What Anxiety Feels Like
Feelings of anxiety happen to everyone, but if they worsen and last for months, you may need to seek professional medical or psychological care to treat the symptoms. Knowing its symptoms and risk factors is important in treating anxiety and regaining control of your life. Medicine like ketamine may help.
What is anxiety?
“Occasional anxiety is an expected part of life. You might feel anxious when faced with a problem at work, before taking a test, or before making an important decision. But anxiety disorders involve more than temporary worry or fear. For a person with an anxiety disorder, the anxiety does not go away and can get worse over time.” Once diagnosed, the condition and its symptoms can often be treated with psychotherapy or medicine like ketamine.
What anxiety feels like
You know how stress feels: the sensation of butterflies in your stomach and sweaty palms are two of the best-known signs of feeling stressed. But what precisely does anxiety feel like? You may experience any of the following sensations or emotions:
- Excessive or constant worrying that happens more often than not
- Hyperarousal, including sweating and palpitations
- Restlessness and muscle tension
- Fatigue, headaches, irritability
- Trouble concentrating
- Having trouble sleeping
- Abdominal cramping and nausea
In the short term, you may brush off these symptoms and signs. But you may start to notice that over time anxiety symptoms affect overall quality of life.
Researchers believe that environmental and genetic factors play a role in anxiety, but there are some common ones to look for including:
- Temperamental traits like behavioral inhibition or shyness in childhood
- Early childhood or adult exposure to stressful and bad life or environmental incidents
- A history of other mental illnesses or anxiety in blood relatives
- Some physical health ailment, like heart arrhythmias or thyroid issues, or caffeine or substance abuse, can create or exacerbate anxiety symptoms
Symptoms of anxiety
Everyone reacts to anxiety differently, but decades of research leads to the conclusion that anxiety has common symptoms. Depending on the situation, you may be overwhelmed with:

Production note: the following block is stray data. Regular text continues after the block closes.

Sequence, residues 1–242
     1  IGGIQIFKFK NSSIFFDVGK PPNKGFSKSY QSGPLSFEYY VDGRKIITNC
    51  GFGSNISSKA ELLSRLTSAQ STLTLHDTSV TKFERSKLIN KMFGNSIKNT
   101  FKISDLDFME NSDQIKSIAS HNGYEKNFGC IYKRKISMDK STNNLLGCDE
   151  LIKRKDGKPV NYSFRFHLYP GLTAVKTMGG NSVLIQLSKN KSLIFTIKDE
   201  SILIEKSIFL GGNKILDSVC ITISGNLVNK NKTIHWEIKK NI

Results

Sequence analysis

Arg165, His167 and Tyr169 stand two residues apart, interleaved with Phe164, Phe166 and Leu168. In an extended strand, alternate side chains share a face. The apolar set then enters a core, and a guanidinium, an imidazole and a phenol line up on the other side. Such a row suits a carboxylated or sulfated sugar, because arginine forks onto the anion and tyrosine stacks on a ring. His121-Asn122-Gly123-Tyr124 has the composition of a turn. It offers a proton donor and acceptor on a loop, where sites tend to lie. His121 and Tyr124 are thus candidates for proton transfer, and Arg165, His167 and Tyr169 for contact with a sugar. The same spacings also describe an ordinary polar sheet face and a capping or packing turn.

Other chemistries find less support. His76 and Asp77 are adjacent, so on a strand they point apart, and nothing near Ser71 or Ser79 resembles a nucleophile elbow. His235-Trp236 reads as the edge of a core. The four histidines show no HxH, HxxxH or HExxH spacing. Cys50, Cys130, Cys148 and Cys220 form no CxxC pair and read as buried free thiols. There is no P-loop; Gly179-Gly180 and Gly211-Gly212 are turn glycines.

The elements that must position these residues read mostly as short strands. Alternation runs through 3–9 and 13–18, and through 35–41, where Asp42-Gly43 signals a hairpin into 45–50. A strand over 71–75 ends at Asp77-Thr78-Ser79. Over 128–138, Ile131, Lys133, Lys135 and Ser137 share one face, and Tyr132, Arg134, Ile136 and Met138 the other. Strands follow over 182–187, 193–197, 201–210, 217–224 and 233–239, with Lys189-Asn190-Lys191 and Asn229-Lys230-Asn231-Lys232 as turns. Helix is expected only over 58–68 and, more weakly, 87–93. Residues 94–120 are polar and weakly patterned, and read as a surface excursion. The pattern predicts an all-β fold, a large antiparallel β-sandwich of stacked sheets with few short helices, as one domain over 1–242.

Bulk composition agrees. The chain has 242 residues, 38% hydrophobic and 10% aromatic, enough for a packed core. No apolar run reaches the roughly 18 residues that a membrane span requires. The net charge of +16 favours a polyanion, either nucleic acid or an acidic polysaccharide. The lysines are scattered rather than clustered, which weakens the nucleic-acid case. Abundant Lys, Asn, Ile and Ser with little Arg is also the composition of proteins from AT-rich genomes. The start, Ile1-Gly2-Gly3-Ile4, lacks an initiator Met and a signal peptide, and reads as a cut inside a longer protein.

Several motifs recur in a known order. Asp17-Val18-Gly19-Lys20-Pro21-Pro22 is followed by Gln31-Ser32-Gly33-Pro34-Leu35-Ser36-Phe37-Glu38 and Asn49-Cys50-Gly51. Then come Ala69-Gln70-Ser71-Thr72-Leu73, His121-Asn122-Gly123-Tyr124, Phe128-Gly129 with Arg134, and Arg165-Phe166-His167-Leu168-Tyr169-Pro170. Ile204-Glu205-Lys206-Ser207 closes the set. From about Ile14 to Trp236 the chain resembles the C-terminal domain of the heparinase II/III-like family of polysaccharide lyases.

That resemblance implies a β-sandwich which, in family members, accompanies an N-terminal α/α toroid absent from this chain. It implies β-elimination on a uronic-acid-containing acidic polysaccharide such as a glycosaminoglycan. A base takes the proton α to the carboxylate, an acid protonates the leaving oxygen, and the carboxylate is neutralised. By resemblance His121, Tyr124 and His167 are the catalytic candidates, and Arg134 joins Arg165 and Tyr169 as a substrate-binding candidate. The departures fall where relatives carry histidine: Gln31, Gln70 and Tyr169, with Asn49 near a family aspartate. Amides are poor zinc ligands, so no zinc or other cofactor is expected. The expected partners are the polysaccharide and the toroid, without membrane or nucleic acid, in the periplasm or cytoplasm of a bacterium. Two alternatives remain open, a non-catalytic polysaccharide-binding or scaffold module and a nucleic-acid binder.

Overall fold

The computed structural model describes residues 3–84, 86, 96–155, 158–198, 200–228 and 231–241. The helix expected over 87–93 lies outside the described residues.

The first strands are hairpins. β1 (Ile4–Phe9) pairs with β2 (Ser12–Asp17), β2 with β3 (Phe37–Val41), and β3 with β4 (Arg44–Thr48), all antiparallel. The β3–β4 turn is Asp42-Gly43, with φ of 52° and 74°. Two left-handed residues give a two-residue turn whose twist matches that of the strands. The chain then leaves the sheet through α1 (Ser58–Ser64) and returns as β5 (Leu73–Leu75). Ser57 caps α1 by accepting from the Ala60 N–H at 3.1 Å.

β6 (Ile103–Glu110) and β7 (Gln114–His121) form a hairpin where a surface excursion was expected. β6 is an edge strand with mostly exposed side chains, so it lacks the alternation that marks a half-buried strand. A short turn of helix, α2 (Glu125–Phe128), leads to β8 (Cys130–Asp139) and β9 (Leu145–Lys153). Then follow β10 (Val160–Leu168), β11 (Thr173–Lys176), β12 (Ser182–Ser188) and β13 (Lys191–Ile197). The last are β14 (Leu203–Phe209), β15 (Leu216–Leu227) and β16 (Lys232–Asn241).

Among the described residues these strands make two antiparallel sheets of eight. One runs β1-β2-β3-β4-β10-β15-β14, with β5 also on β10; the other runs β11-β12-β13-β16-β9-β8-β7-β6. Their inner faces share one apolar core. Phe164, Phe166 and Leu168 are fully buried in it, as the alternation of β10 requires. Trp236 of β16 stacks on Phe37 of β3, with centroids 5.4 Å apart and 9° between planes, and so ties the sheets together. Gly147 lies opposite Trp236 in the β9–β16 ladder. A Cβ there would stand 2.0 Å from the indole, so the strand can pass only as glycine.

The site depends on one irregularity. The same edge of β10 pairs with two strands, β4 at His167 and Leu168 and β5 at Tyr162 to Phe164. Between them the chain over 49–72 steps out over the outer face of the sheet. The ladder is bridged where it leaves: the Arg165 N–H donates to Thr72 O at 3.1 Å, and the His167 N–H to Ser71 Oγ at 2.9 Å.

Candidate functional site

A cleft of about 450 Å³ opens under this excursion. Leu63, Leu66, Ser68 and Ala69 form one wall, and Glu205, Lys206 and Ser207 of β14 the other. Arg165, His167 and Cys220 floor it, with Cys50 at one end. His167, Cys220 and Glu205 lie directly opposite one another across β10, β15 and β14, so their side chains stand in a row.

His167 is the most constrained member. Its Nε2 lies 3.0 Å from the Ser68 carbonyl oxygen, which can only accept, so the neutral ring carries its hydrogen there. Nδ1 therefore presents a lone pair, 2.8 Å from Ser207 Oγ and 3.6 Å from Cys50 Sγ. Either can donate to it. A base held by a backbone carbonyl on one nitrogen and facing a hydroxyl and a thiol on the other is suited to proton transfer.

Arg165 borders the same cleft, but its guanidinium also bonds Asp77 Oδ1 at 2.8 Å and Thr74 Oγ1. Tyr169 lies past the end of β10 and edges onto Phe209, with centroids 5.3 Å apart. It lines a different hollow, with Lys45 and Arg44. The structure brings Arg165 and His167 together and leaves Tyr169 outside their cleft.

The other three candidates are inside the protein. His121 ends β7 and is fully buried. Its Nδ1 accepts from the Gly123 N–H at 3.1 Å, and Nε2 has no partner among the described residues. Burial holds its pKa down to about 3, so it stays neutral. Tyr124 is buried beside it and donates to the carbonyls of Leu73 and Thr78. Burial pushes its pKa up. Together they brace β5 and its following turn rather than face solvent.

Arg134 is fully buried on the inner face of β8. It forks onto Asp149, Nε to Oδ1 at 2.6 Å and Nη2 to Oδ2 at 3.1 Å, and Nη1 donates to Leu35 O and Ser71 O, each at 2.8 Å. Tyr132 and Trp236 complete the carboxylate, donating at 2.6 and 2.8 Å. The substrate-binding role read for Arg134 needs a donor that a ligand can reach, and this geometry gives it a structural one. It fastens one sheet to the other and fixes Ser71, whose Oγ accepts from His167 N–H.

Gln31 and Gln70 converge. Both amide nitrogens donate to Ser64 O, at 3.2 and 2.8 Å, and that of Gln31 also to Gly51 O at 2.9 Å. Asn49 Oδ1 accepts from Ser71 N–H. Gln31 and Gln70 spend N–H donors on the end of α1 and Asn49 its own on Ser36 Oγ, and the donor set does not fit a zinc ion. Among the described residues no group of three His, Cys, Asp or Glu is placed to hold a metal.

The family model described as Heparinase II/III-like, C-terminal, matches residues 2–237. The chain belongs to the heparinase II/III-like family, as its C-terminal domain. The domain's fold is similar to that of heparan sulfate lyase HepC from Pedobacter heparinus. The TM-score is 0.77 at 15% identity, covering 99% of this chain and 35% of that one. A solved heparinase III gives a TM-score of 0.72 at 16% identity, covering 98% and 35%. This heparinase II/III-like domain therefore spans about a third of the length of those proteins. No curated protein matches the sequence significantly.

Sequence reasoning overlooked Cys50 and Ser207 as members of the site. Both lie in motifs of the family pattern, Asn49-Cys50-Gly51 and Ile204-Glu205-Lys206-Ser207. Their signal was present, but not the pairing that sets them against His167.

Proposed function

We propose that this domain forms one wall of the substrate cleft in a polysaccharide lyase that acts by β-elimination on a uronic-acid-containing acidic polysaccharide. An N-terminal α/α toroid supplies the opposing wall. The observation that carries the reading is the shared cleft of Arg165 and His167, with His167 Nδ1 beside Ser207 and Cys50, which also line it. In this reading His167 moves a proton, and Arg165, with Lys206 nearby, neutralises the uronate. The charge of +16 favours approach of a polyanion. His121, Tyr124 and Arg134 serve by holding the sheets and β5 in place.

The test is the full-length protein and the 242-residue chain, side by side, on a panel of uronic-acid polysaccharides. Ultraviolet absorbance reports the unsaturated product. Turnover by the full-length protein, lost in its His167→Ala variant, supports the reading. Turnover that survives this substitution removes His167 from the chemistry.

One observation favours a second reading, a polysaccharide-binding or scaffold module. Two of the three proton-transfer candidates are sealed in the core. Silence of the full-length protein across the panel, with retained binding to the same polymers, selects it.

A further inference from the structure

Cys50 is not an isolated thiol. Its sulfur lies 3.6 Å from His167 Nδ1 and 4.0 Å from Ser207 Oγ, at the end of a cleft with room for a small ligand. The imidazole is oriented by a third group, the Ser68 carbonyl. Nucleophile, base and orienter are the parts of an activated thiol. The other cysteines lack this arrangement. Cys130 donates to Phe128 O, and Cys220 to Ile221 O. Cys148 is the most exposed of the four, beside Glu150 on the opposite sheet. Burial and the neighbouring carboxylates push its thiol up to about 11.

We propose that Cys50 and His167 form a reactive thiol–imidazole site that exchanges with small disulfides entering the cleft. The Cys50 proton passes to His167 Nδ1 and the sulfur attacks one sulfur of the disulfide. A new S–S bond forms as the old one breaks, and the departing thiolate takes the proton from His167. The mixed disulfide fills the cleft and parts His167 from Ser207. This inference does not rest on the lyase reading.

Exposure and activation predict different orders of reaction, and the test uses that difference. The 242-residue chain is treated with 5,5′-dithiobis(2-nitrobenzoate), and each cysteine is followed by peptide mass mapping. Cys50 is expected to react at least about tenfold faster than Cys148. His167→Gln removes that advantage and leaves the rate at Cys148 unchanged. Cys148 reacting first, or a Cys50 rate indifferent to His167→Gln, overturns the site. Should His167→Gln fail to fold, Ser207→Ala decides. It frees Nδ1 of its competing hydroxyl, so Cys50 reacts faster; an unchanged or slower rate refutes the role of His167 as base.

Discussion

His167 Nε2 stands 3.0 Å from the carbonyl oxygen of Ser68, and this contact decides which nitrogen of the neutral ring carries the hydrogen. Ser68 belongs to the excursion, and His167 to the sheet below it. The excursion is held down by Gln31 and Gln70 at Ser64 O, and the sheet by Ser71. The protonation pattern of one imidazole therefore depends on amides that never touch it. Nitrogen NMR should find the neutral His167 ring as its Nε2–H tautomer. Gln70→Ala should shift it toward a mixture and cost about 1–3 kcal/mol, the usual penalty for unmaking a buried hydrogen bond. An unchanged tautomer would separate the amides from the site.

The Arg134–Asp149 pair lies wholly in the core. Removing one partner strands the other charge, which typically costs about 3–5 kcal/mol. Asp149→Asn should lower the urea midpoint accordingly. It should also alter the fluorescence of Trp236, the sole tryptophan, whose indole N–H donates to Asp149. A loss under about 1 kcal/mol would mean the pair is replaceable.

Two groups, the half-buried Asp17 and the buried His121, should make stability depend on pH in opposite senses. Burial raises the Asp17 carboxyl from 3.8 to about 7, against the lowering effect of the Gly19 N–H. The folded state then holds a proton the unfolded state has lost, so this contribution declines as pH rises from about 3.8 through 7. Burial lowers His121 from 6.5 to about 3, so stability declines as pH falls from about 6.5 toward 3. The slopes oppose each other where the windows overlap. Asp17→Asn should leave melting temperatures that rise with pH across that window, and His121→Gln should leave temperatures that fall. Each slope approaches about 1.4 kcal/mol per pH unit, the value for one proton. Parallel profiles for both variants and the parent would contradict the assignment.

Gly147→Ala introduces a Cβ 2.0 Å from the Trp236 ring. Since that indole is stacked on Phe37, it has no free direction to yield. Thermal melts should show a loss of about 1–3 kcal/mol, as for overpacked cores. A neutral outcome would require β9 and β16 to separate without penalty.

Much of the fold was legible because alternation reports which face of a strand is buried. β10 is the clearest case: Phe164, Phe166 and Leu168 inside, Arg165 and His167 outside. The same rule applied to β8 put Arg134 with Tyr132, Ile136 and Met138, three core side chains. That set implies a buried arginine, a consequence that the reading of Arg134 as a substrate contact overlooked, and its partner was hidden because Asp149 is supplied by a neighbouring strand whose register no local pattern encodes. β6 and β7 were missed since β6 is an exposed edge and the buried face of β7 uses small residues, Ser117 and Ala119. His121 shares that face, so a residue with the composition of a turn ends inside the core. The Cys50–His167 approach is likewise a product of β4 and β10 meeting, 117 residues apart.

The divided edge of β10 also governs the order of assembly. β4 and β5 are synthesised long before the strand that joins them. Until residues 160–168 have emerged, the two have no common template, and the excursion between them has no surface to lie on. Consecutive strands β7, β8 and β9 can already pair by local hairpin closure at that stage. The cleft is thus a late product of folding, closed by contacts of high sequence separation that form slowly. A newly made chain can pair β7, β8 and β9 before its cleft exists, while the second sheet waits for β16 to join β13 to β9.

- nervousness, tension, or restlessness
- sensations of imminent doom, danger, or panic
- a fast heartbeat
- physical problems like stomach pain, bowel trouble, digestive issues, sweating, trembling, or being tired or weak due to sleep problems
- problems concentrating
- constant worry
- the urge to avoid whatever triggers your anxiety
Types of anxiety disorders
- Agoraphobia is a disorder where you fear and purposely avoid people, places or situations which might result in panic and make you feel like you’re helpless, trapped, or humiliated.
- A disorder caused by a medical condition, including symptoms of extreme panic or anxiety that are directly related to a physical health ailment.
- Generalized anxiety disorder features constant and excessive worry and anxiety around activities or events — even ordinary, daily happenings. The worry is disproportionate to the real circumstance, is hard to control and affects how your body feels. It’s often accompanied by depression or other anxiety disorders.
- Panic disorder involves frequent incidents of unexpected feelings of severe anxiety, fear, or terror which reaches peak intensity within minutes. You may have premonitions of imminent doom, shortness of breath, chest discomfort, or heart palpitations. “These panic attacks may lead to worrying about them happening again or avoiding situations in which they’ve occurred.”
How to diagnose anxiety
Anxiety is often diagnosed by undergoing a physical exam and mental health evaluation. The physical exam looks at your overall health and looks for a medical reason for your condition. A mental evaluation searches for genetic, environmental, psychological, or other causes of anxiety. A diagnosis helps determine possible treatment options.
Many people try self-help for their anxiety, but other treatment options are worth exploring. After a physical or mental health exam, your doctor may recommend psychotherapy, dietary or lifestyle changes, or even medicine to treat the symptoms.
Ketamine to the rescue
If you experience anxiety and the symptoms are frequent and severe, you may be having a serious anxiety disorder. Doctors and therapists now recommend alternative therapy, including ketamine. The medicine was created as a powerful anesthetic in 1962, but doctors and researchers discovered its mind-altering properties had the power to soothe the symptoms of anxiety, chronic pain, and other disorders.
If you’re suffering from anxiety, another mental health disorder, or discomfort from chronic pain, talk with a doctor or mental health specialist about treatment options. New treatments like ketamine may help you control anxiety symptoms but should only be used with supervision through a licensed clinic located near you.